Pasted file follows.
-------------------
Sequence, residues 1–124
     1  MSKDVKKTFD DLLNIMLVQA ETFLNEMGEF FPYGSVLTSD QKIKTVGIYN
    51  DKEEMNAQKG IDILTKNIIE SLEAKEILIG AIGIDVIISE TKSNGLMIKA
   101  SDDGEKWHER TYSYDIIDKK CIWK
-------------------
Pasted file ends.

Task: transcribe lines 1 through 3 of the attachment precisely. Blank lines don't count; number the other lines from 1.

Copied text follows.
Sequence, residues 1–124
     1  MSKDVKKTFD DLLNIMLVQA ETFLNEMGEF FPYGSVLTSD QKIKTVGIYN
    51  DKEEMNAQKG IDILTKNIIE SLEAKEILIG AIGIDVIISE TKSNGLMIKA